Washington Post's depictions of autism shift from 'cause and cure' to acceptance
The Washington Post's depiction of autism has shifted over the years from a focus on "cause and cure" toward one of acceptance and accommodation, say the authors of a study that examined 315 articles published from 2007 to 2017.
The findings, which appear in the current online edition of Disability and Society, suggest that media representations are changing to reflect new public attitudes generated in part by the autistic rights movement, say co-authors Noa Lewin, a 2018 graduate of the University of California, Santa Cruz, and Nameera Akhtar, a professor of psychology at UCSC.
"There's less focus on cause and a bigger focus on accommodation," said Lewin, whose undergraduate senior thesis was the basis of the study. "Coverage has shifted more toward how to make life better for autistic people and less on what is causing autism."
The paper, "Neurodiversity and Deficit Perspectives in the Washington Post's Coverage of Autism," is based on a content analysis of coverage beginning in 2007, before the putative link between the MMR vaccine and autism had been completely debunked. It ends 10 years later, when the neurodiversity rights movement had advanced understanding and awareness about the range of ways brains function and that variations from "normal" are not necessarily deficits. The researchers chose to examine the influential Washington Post because it is widely read by legislators and policy makers.
Akhtar, the corresponding author of the paper, is at the forefront of paradigm-shifting scholarship about autism and has called for greater understanding of autism. "The autism self-advocacy movement has been around for a while, but the idea that autism is something that should be accommodated rather than 'cured' is new for people who haven't been exposed to it," she said.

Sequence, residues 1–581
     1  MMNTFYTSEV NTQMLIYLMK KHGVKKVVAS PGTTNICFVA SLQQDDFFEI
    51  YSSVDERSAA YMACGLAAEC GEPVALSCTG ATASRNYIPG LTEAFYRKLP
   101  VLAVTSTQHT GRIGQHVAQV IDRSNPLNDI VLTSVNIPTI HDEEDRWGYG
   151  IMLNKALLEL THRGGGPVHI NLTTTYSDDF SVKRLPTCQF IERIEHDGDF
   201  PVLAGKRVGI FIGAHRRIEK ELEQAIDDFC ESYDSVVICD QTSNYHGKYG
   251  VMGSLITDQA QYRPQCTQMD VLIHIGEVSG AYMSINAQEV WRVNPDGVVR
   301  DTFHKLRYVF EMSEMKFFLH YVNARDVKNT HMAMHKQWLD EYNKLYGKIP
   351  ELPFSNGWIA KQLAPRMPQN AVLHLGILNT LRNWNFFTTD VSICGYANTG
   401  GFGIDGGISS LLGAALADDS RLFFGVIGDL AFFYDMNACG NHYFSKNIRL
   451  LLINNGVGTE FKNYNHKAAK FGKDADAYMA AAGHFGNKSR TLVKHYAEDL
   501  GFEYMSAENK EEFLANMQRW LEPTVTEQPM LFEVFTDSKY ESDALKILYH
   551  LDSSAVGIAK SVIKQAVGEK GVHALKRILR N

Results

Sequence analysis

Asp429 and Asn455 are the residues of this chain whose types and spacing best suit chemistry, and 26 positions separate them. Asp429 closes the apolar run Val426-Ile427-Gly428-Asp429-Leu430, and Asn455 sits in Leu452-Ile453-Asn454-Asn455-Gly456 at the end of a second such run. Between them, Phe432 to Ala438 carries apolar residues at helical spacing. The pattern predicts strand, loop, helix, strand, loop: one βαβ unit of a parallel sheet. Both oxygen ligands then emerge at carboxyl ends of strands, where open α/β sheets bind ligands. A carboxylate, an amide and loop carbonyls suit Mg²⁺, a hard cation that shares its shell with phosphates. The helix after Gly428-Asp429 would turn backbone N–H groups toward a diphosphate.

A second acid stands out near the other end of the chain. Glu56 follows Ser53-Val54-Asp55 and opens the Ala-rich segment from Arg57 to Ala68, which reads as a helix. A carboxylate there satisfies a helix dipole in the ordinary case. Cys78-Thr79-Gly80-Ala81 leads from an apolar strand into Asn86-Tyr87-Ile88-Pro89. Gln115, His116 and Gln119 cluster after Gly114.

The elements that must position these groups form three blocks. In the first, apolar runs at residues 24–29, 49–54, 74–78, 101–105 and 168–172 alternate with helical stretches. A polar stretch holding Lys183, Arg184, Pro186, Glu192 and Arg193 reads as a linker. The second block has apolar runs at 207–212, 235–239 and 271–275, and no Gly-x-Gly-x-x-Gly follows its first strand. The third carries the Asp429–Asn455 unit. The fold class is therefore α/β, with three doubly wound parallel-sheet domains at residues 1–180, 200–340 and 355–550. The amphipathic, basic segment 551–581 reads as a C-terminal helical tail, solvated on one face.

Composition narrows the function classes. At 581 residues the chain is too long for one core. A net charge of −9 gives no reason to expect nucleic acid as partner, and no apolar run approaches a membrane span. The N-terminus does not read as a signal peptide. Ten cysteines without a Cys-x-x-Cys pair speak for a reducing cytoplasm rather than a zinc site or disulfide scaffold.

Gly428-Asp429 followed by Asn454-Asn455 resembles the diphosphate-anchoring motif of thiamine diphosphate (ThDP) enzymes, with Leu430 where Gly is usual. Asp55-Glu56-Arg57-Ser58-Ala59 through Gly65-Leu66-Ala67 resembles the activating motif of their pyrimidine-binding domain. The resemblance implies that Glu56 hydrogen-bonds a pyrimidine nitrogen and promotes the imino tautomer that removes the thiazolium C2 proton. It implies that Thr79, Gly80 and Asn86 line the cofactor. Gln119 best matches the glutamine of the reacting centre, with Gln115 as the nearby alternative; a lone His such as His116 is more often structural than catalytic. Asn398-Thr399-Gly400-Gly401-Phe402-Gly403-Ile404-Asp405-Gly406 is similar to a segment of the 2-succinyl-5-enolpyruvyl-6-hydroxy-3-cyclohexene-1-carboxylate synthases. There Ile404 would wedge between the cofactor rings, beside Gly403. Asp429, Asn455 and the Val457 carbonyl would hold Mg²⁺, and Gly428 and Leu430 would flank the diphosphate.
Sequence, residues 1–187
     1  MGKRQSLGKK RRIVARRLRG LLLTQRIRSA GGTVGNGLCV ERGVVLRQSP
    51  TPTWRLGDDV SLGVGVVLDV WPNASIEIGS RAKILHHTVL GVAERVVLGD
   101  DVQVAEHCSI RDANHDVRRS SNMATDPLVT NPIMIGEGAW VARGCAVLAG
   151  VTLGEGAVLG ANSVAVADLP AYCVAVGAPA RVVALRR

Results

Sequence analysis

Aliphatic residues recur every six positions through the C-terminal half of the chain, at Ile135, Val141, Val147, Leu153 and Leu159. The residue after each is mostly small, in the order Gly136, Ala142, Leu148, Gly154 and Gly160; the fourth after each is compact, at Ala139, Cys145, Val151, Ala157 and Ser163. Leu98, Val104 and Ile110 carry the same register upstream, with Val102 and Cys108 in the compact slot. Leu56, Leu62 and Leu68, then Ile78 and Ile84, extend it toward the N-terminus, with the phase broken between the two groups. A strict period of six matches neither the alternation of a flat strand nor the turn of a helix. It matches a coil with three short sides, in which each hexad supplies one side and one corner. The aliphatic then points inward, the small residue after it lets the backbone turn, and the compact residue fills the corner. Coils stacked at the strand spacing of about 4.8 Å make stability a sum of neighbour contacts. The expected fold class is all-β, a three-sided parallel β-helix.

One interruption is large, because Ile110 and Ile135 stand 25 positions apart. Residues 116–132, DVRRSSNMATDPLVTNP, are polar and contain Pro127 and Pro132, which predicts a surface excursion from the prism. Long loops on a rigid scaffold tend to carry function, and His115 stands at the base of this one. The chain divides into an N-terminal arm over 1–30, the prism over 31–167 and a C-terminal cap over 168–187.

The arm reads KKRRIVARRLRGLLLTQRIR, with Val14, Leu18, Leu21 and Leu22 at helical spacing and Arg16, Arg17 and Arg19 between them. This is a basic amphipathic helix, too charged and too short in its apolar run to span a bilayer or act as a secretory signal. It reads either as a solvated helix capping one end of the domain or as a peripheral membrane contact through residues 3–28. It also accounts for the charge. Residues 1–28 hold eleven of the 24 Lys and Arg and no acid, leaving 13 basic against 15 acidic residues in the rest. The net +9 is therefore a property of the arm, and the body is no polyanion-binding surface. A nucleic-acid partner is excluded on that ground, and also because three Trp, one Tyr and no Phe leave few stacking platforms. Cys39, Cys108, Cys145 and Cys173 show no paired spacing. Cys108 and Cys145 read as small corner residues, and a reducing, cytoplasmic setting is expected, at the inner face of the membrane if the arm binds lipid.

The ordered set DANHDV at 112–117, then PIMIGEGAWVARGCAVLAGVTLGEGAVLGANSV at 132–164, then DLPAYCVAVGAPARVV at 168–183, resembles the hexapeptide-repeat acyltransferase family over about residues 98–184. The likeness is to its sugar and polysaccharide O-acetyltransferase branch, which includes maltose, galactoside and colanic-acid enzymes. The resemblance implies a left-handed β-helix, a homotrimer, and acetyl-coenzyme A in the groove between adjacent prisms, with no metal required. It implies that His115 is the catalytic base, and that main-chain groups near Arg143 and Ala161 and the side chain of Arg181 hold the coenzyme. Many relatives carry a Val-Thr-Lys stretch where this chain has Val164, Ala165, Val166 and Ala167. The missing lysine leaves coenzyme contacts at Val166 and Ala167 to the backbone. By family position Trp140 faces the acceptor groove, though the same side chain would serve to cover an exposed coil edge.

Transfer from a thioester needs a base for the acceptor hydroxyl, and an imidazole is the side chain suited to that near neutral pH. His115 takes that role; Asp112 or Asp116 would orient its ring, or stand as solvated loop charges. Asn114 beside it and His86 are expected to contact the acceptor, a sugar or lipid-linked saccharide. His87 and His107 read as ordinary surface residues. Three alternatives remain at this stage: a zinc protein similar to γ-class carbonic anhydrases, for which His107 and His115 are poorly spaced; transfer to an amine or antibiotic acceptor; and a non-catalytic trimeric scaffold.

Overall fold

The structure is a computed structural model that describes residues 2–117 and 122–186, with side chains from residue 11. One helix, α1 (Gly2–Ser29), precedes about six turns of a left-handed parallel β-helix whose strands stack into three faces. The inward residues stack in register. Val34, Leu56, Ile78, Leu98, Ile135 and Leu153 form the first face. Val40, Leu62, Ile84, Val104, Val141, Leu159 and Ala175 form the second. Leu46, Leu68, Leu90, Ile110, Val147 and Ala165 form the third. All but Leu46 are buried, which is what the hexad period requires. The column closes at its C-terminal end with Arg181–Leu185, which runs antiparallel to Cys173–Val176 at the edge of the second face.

In their analysis, Lewin and Akhtar found that the Post's articles over time were more likely to talk about "neurodiversity" and to acknowledge the strengths of autistic people. Articles also began to describe accommodations for autistic people, and a few began to feature the voices of autistic people themselves—a trend Lewin, who is autistic, particularly appreciated.
"I remember one article about autism-related legislation that quoted a member of the Autistic Self-Advocacy Network (ASAN)," said Lewin, who links the increased visibility of people with autism to the broader disability-rights movement. "We tend to think of a disability as a medical tragedy, and we don't think about how attitudes, systemic ableism, and barriers contribute to that."
Although the paper's coverage over time gradually placed more emphasis on autistic skills and strengths, coverage continued to use negative terms to describe autistic people. For example, the terms "high functioning" and "low functioning" continue to appear, despite autistic advocates' preference for more specific language, such as "speaking" and "non-speaking." And the emphasis on strengths was on autistic people who can do things like speak conversationally and hold jobs.
"The Post's coverage reflected a widespread belief that having a disability is okay if you're able to fit into a neurotypical world or if it offers a special talent or skill with social value, like being really good with computers," said Lewin.
Akhtar is pleased to see media representations of autism changing, and she was delighted to collaborate with Lewin on the paper. "Autistic people should be involved in research about autism," she said. "I was happy to work with Noa and to gain this insider's perspective. I learned a lot. You learn to broaden your way of thinking by interacting with people with different experiences."